The music of love, in all its aspects, filled the Heritage Play-house in Gibsons last Saturday.
Coast Symphony Orchestra's (CSO) artistic director Edette Gagne was inspired by Shake-speare's phrase, "If music be the food of love, play on." But when she tried to select music for the orchestra's performance, she found an overwhelming amount of material on the subject. She decided to narrow the concept of love to four areas: temptation, courtship, danger and tragedy.
"Love is all these things," Gagne told the audience in her pre-concert chat. "Love is amazing."
In an inspired artistic collaboration, the CSO invited Coast poets to submit their work on the subject and received 22 entries. Seven original poems were read at the concert.
This local symphony orchestra recently embraced a few new, talented members while retaining many of the Coast's music teachers and experienced musicians, giving it a cohesive, professional sound. The themed concerts reach out to attract new audience with entertaining repertoire.
Janet Hodgkinson's poem on the subject of temptation preceded a Mendelssohn piece, The Fair Melusine Overture, a musical story of a water nymph and her swain who cannot abide by her rules despite a fear of losing her.
Shelley Harrison Rae's poem reflected the theme of courtship before the orchestra played The Lovers' Waltz, so evocative of romance. Agnete Newman recited her piece, "A Measure of Time," before thelovely Sleeping Beauty Waltz by Tchaikovsky. Alec Tebbutt, the evening's narrator, read Jancis Andrews' poem "Deaf Mute?", a reminder that courtship happens in many ways.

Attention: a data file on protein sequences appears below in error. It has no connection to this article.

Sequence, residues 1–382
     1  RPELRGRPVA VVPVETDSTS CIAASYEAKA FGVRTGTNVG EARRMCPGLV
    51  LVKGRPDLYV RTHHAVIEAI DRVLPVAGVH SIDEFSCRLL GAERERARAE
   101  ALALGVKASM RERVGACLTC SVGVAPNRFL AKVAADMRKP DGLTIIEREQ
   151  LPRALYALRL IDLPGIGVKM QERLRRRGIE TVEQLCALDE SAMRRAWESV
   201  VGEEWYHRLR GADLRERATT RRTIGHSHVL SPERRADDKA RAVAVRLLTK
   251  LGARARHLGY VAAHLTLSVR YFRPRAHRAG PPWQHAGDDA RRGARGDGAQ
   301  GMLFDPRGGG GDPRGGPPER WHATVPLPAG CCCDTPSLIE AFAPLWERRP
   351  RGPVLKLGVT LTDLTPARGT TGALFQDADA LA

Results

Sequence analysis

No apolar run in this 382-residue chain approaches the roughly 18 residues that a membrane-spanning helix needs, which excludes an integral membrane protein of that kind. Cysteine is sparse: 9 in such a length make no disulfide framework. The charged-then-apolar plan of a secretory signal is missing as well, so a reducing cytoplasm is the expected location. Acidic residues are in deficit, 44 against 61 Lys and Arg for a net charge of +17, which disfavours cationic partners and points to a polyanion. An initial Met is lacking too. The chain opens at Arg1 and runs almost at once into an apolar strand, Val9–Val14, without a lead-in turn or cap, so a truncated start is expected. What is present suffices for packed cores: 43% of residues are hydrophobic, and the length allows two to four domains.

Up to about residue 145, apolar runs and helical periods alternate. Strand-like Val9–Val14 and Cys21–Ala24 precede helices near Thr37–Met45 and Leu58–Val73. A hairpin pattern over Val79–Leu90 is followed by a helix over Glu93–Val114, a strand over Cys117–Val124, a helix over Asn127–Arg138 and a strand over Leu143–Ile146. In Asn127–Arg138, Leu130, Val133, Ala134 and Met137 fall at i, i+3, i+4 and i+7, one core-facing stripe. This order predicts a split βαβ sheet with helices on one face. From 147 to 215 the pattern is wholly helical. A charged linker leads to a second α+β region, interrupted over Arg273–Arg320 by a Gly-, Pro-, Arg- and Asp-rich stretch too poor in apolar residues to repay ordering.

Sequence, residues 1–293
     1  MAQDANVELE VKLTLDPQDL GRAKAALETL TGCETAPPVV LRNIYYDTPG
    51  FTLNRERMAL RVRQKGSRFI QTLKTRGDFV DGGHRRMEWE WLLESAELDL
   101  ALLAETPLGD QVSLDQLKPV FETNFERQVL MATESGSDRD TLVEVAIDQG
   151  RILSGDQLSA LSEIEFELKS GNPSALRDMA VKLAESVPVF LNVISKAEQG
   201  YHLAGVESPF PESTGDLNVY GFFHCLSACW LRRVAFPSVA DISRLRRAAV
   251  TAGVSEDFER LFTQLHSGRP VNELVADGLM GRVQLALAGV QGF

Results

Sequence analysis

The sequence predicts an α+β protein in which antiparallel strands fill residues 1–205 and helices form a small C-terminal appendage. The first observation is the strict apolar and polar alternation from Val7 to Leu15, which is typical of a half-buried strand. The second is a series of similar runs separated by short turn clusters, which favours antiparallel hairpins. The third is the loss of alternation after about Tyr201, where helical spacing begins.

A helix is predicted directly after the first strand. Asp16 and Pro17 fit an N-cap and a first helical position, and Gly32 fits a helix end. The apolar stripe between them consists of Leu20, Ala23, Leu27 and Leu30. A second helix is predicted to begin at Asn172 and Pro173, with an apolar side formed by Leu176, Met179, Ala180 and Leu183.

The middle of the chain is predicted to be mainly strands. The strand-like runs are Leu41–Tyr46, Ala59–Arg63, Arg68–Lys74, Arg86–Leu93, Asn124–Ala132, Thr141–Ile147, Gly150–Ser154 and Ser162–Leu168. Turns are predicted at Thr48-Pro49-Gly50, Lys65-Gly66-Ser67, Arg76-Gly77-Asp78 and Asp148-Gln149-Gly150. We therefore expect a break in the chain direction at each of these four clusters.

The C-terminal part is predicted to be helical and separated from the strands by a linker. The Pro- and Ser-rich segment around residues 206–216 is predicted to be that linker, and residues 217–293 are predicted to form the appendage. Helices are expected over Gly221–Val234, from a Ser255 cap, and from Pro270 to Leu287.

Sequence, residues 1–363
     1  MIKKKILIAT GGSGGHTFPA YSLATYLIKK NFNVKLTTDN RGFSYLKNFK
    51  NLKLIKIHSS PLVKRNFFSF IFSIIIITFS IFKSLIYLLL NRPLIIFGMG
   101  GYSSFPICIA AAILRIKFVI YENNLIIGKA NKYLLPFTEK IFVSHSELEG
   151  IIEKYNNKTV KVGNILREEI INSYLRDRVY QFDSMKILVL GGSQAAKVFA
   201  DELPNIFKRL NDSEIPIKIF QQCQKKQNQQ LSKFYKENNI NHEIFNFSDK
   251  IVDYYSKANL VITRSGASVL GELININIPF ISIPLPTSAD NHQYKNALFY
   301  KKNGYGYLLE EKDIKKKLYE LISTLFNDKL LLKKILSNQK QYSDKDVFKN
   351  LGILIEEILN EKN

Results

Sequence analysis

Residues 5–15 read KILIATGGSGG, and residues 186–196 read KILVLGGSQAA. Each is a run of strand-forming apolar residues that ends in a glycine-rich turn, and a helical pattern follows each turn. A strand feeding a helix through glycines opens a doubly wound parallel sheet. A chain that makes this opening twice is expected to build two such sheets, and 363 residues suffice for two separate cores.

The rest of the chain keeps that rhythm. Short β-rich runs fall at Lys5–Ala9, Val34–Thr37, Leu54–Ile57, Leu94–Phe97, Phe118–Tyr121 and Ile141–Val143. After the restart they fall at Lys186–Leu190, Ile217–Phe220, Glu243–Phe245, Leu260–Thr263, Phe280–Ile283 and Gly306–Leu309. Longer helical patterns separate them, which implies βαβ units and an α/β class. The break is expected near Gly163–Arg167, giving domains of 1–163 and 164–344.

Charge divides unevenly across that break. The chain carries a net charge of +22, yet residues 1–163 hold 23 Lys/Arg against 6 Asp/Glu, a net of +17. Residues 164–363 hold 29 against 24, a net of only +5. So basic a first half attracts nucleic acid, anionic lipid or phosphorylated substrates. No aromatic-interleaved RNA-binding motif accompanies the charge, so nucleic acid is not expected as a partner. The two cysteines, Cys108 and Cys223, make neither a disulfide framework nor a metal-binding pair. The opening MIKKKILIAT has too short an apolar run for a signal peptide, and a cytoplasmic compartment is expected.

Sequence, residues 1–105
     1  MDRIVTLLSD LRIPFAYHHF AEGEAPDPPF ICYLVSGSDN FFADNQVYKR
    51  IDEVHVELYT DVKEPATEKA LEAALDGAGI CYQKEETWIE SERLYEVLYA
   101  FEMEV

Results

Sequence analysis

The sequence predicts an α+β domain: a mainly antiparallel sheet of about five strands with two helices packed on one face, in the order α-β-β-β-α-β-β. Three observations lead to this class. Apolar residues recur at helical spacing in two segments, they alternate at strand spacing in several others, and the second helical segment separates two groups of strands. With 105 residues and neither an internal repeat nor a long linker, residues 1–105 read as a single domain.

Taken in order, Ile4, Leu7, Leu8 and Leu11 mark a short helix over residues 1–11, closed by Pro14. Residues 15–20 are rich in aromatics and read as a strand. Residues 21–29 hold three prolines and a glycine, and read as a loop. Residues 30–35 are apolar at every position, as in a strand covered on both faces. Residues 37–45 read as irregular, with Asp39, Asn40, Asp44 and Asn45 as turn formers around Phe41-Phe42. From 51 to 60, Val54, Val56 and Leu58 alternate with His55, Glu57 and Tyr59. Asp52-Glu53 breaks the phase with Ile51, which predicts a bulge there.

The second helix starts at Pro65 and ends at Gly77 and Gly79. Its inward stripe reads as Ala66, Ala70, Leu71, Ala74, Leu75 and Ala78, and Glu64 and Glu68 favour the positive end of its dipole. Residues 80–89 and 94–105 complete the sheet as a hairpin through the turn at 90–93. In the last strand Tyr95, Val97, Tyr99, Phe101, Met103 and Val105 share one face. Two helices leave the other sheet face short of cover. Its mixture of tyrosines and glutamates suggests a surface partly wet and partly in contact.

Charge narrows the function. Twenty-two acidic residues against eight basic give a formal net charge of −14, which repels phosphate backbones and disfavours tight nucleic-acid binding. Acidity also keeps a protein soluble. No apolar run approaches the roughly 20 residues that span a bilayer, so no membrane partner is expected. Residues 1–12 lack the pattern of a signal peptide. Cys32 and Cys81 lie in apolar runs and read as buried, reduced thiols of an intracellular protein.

"Our orchestra loves this next piece," Gagne said.
Bacchanale from Samson and Delilah by Saint-Saens fits the sexy thrill of danger, and Martha Royea read the appropriate poem "Rules of Engagement."
What more suitable piece of music to describe the tragedy of love than Bizet's Carmen? The orchestra played selections from the opera including the famous, much loved Chanson du Toreador and closed with the wild, drunken Danse Boheme. Shelley Harrison Rae read her piece, "Last Saturday Night."
The music ended with Ross Harry's poem "Temptation" and an encore of My Funny Valentine.
The 30-plus member CSO is part of the larger Sunshine Coast Community Orchestra Association. Another member of the orchestra, the Suncoast Concert Band, plus some of the same musicians will appear again this coming Sunday, March 9, at 7 p.m. at the Highland Centre in Roberts Creek in a Celebration of Coast Composers. This is a Sunshine Coast Music Society event that brings the Jazz Group of Seven and the Creek Big Band to the stage to showcase original compositions.
The Highland Centre (657 Highland Road) is just above the highway near the entrance to Lower Road. From Highland Road, turn into a parking lot and enjoy the comfort of the newly-built, large rehearsal and performance space. Tickets are $15 are available at Laedeli in Sunnycrest Mall, and the Sechelt Visitor Centre.
© Coast Reporter